Currently, the recommended amount of protein per day is 0.8 grams per kilogram body weight. First of all, why the heck is it a calculation that involves the metric system? Talk about confusing most people, making it difficult for them to do the math in their head. That is the initial reason I don’t trust that we are told the correct information about how much protein we truly need on a daily basis.
What is Protein?
Protein is made up of amino acids which form chains that make up the protein strands. The amino acid chains that are linked together to form strands of protein are what differentiate the protein types. There are two main types of protein: animal (poultry, fish, meat) and plant (soy, nuts, seeds, legumes.) Amino acids are divided into both essential (the body cannot make them, so we have to get them from food in our diet) and non-essential (which we can make by breaking down essential amino acids into non-essential in our bodies.)
What are Sources of Protein?
Another facet to this is what constitutes a “good” protein? Most of the nutrition world believes that the sources of high quality protein are the ones that contain all 20 amino acids. This would be found solely in animal-based proteins (fish, poultry, and red meats)- eggs being the highest quality protein of all. However, if you have variety in your diet, you can limit your animal-based protein intake and maintain a healthy, low-fat diet as well as receive all of the amino acids necessary to keep your body going.
I have very low confidence in the government’s food pyramid and the general guidance they provide people with about the quantity and quality of foods we need. In actuality, we are all such different people with varying needs. With this thought, how is it even possible to provide such measures for everyone without knowing them on a personal health and nutritional level? Simple-it’s not.
Ratios are a big part of how I work with nutrition clients to determine their very specific, personal needs. You take the total amount of calories you eat per day and you divide them up by food group based on the ratio you eat of each food group in a day.
For example, some people thrive off of a 40:30:30 diet where you eat 40% carbohydrates, 30% protein, and 30% fat. How this works…If you eat a 1500 calorie diet, then you would be consuming:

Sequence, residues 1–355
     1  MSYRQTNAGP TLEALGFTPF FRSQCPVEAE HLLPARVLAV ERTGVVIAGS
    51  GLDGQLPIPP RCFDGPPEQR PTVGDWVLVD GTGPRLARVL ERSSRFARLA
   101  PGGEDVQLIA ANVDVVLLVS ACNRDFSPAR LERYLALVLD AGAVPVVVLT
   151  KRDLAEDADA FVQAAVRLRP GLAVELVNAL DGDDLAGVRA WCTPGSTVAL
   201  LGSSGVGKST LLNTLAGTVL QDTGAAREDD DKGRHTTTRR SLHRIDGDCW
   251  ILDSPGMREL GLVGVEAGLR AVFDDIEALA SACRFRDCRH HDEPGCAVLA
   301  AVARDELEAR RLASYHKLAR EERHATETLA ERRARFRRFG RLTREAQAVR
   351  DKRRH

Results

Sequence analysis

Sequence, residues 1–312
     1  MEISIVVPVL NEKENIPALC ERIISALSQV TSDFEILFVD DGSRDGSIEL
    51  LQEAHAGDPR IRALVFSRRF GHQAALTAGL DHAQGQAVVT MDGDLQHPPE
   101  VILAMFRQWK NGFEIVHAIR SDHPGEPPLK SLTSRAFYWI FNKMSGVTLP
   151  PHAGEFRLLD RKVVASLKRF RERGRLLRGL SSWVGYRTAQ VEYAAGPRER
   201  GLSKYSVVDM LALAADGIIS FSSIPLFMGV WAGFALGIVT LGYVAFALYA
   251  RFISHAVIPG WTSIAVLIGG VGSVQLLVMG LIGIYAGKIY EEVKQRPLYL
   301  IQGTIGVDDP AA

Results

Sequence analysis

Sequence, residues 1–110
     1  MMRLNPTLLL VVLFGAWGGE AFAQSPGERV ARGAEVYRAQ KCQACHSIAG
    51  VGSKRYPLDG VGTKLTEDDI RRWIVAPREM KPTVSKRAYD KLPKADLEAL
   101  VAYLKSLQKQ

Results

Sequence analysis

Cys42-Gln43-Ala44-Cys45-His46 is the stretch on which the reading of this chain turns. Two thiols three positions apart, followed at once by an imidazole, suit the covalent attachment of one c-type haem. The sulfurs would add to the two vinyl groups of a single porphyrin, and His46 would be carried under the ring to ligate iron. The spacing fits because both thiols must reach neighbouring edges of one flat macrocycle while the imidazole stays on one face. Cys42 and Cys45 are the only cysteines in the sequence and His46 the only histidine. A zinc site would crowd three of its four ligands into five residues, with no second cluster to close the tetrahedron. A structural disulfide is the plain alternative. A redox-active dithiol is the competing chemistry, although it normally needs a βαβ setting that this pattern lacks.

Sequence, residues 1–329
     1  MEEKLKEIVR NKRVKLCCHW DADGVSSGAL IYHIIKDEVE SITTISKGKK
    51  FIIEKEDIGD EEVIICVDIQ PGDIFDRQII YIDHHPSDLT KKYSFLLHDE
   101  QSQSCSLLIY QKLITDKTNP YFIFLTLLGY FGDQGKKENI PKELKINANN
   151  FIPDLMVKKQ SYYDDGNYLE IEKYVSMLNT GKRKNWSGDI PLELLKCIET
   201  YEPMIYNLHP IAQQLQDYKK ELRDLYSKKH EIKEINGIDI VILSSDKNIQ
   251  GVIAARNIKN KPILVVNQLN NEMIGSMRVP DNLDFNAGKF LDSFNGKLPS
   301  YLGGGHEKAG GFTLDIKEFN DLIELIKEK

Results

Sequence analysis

- 40% x 1500 = 600 calories from carbohydrates per day
- 30% x 1500 = 450 calories from protein per day
- 30% x 1500 = 450 calories from fat per day
Many people also subscribe to and find other equations better fit them: 50:25:25 is a good equation for many people who limit their animal-based protein intake or 40:35:25 for those who eat more protein to build body mass like body builders and many professional athletes.
But not everyone’s body fits this equation. What about people who require or eat even less protein?
- As we age, we need less and less protein in our diet, oftentimes because it can be more difficult to digest, so these equations do not work for the aging population
- Vegetarians and vegans tend to thrive off of a lower protein diet and most of these calculations would not work for them
- People with chronic disorders who cannot ingest large amounts of protein cannot go by simple equations
How can you measure your protein needs in a general calculation?
For a healthy population between 18 and 50 years of age, you can use these calculations if you want a place to start:
- You can take your body weight in pounds and multiply it by 0.4 grams for an average
- 120 lbs x 0.4 grams = 48 grams of protein/day
- You can multiply your daily caloric intake by 10-15% (or the ratio you subscribe to) to get calories or grams per day of protein you needs
- 1500 calories eaten per day x .15 = 225 calories in protein per day
- 225 grams of protein per day/7 grams per serving = 32 grams of protein/day
A Few Important Notes:
- Nutrition isn’t an exact science for every individual. Find out your daily protein needs by trying several different ratios of food intake-try one ratio, documenting how you feel and your weight throughout the month. If that ratio isn’t right for you, the next month try another, and so on.
- Protein intake should only be 2-4 ounces per meal (a regular restaurant portion is 8-10 ounces!)
- You should have protein at every meal to aid in stabilizing blood sugar and stoking the fires of the metabolism.
- It does not have to be a “complete” protein, it can be nuts, seeds, hard cheese, cottage cheese, hummus, etc. at snack time
- I am here to declare it myth that If you are vegan, dairy-free, or just limit animal-based proteins, you do not get enough protein
- The truth is, you can survive with less protein in your diet when you eat a higher amount of high fiber whole grains, vegetables, fruit, and healthy fats, which should be how we all eat!